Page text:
- Among the many Dwemer Animunculi you run into in The Elder Scrolls series, there is always at least one type of these. In Morrowind, you had Steam Centurions. In Skyrim there are Dwemer Centurions. These things are rare, difficult to kill and can end your quest in a few hits if you are careless. And as if that was bad enough, Skyrim also has the Dwemer Centurion Master. They are twice the size of their lesser brethren and naturally their armor and killing power are doubled.
- The Frost Orca from Mini Robot Wars is a large, whale-submarine bot that spits out deadly ice balls, has a TON of health, is more tenacious than the regular mooks, and acts as a Boss in Mook Clothing. It also practices good dental hygiene.
- Scarabs in the Halo series are controlled by the same alien worms that composes the Hunters, and have an organic roaring sound.
- The Harvester Spider Tanks in Quake IV seem to be partially organic like the aforementioned Scarabs, by the sounds they make. They're easily the most threatening Strogg faced by Kane, being a Mini-Boss when on a vehicle and when on foot, an obstacle to be evaded instead of an enemy to be fought.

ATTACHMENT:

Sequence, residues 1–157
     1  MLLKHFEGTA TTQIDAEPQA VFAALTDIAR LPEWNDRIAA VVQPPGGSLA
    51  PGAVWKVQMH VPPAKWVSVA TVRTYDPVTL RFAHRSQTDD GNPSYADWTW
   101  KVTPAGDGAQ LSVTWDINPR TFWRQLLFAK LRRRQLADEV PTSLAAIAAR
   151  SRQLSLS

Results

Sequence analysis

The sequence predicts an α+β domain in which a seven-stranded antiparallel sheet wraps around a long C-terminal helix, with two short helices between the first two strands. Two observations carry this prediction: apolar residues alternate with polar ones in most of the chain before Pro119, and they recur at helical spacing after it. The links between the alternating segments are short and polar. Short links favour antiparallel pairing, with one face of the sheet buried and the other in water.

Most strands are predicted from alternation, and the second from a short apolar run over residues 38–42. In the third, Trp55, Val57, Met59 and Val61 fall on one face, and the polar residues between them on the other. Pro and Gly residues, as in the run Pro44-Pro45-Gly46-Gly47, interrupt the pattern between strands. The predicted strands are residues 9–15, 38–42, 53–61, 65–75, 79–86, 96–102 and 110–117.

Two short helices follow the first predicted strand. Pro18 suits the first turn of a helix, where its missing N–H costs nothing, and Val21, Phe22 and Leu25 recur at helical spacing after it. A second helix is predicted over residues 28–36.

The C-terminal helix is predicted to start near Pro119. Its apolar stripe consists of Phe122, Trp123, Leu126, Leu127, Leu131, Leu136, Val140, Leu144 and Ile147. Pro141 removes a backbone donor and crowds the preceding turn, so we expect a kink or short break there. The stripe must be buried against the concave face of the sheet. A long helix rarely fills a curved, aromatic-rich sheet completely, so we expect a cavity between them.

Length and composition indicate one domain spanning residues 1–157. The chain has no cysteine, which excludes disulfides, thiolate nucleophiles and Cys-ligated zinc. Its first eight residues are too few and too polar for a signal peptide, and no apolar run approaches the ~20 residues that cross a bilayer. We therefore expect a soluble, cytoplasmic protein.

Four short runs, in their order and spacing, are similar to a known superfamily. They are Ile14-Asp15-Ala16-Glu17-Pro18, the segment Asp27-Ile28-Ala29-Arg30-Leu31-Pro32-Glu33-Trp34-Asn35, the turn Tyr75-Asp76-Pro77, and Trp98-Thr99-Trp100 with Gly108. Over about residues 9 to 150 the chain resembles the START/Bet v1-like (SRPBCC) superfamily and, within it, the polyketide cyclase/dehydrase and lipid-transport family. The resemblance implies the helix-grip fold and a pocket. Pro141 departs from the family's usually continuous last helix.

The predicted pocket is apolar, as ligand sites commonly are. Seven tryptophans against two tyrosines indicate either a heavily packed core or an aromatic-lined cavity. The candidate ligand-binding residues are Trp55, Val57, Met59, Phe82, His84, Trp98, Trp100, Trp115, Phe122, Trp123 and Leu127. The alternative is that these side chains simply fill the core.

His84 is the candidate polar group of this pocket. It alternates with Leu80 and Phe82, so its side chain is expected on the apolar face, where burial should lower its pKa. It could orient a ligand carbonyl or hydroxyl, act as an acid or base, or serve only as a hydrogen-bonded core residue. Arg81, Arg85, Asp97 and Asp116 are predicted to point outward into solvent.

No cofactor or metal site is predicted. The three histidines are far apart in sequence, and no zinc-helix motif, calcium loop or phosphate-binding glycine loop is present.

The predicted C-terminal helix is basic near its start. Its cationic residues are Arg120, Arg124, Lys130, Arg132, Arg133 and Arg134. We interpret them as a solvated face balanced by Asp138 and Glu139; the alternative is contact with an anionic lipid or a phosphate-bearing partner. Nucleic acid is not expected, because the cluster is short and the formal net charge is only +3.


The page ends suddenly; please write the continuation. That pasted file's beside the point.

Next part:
- The Meka Dragon in the Wonder Boy series.
- Descent 3 has the Homunculus, which looks like a mechanical version of the Rancor from Return of the Jedi.
- The Mechon in Xenoblade are all walking machines of death and mayhem, but they couldn't be called monsters, at least not individually. Some of them are larger and have faces. The faced Mechon are the ones who could be called monsters but they aren't really machines.
- The Autosaurus Wrecks in SimCity 4. It's basically a T-Rex (or perhaps Godzilla) made of cars.